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    Building a Food Safety Culture, Part 6 – Continuous Improvement

    Julia Stewart:

    Hello, this is PMA PR Director Julia Stewart, and welcome back to PMA’s audio blog, “Ask Dr. Bob.” PMA’s Chief Science Officer Dr. Bob Whitaker and I have been talking about the importance of establishing a food safety culture, and what the four basic attributes of a food safety culture are.  Today, he will share more detail on the fourth attribute, Continuous Improvement. 


    Bob, how do we go about building Continuous Improvement into our food safety programs?


    Bob Whitaker:

    Julia, food safety is dynamic, complex and ever-changing activity with many, many moving parts. In that type of changing environment, you can never be satisfied; you must always think in terms of continual improvement.  Absent true and complete kill steps, food safety will always be a process of risk management so you have to drive innovative thinking and search out new ideas and technologies to help manage those risks. There are lots of exciting new technologies out there poised to have an impact on food safety performance.  We have to first test these new technologies, verify they work, and understand how they can impact food safety.


    So, how does one stay current on the latest technologies and the latest thinking on food safety? By getting involved. I think of this as a “ripple effect”. It’s like a drop of water splashed into the middle of a pond.  The ripples increase in size as they reach the shore.  The same thing is true with getting involved to build your food safety knowledge. A little drop of information obtained at a conference, off the internet, or at an ag extension service meeting can be shaped and molded and implemented in your business to impact the food safety performance of your company. However, the information is not simply going to find you; you need to search it out. You can do that by getting involved with your trade associations, by visiting Web sites like the PMA site to get food safety updates and find other useful linked sites, and by supporting the research efforts of the Center for Produce Safety or your local university that is actively engaged in food safety research.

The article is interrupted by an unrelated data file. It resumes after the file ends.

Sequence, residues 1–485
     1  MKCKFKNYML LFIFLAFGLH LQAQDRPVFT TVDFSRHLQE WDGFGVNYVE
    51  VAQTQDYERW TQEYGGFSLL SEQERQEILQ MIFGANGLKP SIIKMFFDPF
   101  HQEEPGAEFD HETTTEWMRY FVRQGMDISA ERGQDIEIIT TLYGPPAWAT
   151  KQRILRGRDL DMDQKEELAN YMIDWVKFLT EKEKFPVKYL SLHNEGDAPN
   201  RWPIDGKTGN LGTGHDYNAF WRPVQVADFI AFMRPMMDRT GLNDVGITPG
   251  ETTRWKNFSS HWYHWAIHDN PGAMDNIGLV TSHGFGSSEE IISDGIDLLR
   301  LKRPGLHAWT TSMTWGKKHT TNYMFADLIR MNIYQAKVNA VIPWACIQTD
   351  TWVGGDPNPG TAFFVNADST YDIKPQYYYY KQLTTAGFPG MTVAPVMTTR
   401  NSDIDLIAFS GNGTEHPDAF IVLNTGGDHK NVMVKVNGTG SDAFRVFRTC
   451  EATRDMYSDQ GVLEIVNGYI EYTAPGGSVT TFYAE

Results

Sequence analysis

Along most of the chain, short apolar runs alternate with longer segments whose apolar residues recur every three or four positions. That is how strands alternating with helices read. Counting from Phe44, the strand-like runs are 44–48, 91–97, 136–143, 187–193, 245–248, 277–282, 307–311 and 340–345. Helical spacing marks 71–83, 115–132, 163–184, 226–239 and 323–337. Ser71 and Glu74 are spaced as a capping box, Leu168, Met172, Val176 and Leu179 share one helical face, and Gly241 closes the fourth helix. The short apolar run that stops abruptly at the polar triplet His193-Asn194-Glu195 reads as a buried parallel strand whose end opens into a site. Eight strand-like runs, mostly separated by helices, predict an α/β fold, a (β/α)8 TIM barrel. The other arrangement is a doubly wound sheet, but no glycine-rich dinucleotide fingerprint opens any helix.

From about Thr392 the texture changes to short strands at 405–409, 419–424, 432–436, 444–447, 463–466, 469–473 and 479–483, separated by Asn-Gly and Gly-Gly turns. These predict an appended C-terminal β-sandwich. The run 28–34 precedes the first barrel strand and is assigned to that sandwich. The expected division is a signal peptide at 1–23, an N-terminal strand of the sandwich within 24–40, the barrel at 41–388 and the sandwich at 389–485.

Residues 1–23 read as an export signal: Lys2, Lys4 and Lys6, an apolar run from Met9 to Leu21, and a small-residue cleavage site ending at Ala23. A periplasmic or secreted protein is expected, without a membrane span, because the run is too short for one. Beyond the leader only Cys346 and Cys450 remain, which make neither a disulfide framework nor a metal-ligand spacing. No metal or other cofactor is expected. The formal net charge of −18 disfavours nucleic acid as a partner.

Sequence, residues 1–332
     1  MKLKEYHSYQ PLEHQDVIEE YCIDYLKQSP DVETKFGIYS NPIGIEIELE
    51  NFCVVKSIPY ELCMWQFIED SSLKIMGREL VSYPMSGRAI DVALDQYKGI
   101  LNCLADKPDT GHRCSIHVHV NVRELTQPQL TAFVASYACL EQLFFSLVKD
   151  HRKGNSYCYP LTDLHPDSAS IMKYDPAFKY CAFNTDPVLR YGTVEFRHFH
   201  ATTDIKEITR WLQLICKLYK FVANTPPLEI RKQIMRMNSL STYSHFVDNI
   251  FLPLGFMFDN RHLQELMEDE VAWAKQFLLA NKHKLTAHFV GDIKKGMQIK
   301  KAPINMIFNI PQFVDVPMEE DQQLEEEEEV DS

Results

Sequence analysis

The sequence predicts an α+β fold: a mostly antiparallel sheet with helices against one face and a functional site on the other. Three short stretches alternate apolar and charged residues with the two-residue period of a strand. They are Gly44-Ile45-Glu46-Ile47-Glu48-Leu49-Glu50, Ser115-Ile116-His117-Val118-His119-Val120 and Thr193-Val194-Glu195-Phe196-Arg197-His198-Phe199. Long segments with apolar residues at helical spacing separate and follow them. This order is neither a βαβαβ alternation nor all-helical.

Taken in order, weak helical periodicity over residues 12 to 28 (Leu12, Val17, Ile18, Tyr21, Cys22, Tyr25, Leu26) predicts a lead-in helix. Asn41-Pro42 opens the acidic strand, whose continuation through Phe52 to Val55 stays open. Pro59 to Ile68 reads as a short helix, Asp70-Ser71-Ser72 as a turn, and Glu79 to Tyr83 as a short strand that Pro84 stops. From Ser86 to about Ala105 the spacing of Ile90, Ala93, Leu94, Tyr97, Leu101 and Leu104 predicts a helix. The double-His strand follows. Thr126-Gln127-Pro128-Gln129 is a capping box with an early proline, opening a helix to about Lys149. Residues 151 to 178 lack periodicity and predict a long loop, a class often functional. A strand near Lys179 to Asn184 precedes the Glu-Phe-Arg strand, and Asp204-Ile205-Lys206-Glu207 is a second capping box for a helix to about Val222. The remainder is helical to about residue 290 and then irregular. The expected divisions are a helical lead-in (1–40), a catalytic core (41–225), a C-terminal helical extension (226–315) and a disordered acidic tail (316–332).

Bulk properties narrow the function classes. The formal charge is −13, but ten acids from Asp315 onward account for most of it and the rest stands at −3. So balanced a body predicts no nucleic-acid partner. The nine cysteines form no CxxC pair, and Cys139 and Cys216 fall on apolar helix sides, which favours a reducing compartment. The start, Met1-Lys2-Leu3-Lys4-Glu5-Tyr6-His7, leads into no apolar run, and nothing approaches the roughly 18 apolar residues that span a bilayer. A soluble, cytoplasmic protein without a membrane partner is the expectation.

Always remember, as your business changes, so does your food safety risk profile.  You should be constantly in the mode of updating and re-evaluating. If you add a new product line or a new packing machine, re-examine your risk assessment to be sure all new potential risks are managed. Don’t ever assume they are. Go through the process of risk evaluation – it is a chance for employees to learn, and a chance to improve your performance. Having a mindset of continuous improvement can and will transfer to other aspects of your business activities and have a positive impact on your business culture.



    Thank you, Bob. We all know how dynamic our industry is and certainly the food safety component is no exception. That commitment to continuous improvement is a skill that will pay off in plenty of other management areas as well, in addition to food safety.


    Thanks very much to our listeners, please join us again next time!

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